Whether you’re a retiree, traveler or just want to settle down somewhere away from home, there are many places around the world that can accommodate your desires. South Africa is one of those places, as its rife with properties that are waiting to transform into your next home.
Although it’s easy to say that you want to buy a home in South Africa, the process isn’t as easy as you think. Though, anyone can buy a home in South Africa as long as they take the time to research the process.
What you should know… before buying a home in South Africa
According to some resources, buying a home in South Africa is ‘similar to that of buying a home in the United Kingdom, though with some distinct differences.’
When people do end up closing an offer on a home, they can’t end the contract without losing their associated deposit. Despite that, there are no known restrictions on foreigners owning properties in the country, as long as they don’t have a criminal record.
No matter where you live in the world, it’s best to have a home warranty so your appliances and other valuables are covered. There are many more reasons as to why you need one, but this is a key reason.
If you’re planning on buying a home in South Africa, it’s important to have some kind of legal adviser on hand to assist with the process. In most cases, a legal professional who specializes in foreign property transactions will provide you the help you need.
Any transfer and/or mortgage documents that you have can be signed at a South African embassy; alternatively, you can also get those documents signed in the offices of a notary public. In cases where VAT is involved, it’s only applicable to sellers who are VAT vendors; when it isn’t, transfer duties often apply instead.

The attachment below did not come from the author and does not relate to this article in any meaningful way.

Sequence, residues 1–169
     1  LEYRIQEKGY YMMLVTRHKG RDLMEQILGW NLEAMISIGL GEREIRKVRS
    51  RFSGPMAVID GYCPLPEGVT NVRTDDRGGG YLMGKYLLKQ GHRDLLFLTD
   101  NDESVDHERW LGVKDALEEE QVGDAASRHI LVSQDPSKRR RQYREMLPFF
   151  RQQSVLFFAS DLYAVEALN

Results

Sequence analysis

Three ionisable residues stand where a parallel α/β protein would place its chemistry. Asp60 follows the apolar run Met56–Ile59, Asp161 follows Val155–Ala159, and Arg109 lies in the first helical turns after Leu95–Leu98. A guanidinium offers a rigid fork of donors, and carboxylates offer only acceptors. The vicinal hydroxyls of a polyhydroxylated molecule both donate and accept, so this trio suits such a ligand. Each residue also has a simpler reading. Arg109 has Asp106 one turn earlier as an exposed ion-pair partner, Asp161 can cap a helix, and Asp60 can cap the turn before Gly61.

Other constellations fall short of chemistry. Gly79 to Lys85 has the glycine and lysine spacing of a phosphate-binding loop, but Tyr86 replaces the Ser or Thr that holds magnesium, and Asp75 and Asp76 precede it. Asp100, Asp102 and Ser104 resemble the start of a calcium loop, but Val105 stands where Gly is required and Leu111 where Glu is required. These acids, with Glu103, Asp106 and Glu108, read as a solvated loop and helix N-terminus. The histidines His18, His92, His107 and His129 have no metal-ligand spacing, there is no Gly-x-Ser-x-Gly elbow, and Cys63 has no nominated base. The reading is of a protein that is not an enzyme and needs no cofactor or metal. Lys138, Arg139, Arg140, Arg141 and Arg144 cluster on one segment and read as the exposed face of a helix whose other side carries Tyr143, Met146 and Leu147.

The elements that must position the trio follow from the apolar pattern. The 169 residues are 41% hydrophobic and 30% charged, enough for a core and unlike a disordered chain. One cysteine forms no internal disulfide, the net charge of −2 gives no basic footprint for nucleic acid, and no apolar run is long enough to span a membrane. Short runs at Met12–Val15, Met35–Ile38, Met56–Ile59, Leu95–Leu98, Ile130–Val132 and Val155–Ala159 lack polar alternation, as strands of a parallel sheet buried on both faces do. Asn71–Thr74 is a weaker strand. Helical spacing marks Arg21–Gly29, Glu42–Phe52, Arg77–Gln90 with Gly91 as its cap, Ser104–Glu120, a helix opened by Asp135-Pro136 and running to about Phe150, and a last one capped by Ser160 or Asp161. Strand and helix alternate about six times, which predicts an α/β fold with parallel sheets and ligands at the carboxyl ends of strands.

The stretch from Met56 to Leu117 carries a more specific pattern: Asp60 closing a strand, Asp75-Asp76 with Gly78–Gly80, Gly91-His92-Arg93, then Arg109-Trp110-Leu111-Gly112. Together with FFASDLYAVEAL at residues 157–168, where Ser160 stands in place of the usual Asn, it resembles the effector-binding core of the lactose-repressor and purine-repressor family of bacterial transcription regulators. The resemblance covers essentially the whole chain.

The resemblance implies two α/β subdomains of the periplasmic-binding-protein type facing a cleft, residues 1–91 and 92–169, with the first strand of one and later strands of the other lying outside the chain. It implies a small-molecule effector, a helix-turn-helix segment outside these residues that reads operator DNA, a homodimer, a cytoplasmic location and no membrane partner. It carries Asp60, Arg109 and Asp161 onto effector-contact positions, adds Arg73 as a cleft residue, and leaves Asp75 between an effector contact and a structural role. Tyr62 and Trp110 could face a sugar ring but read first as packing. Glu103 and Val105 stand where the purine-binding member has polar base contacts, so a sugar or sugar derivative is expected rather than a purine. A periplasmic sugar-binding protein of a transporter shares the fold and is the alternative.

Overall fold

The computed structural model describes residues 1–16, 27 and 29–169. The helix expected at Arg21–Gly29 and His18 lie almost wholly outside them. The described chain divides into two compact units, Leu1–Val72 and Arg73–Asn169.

As for the costs, you will have to decide how much you’re willing to put down as your deposit and as your monthly bond repayments. Most people accomplish this by subtracting a portion of their expenses from their monthly income.
Banks and other financial institutions will also grant bonds that have a repayment no more than about a quarter (25 percent) of your total monthly salary. You also need to take the transfer duty and conveyancing fees into consideration when dealing with your property’s expected costs.
Before you take care of all of the legalities, it’s important to find the property that you want to purchase. It’s always a great idea to visit potential properties that you’re able to visit, particularly if you want to ‘get a feel’ for the area that said properties may reside. It doesn’t hurt to do a little online research about your choice properties, either.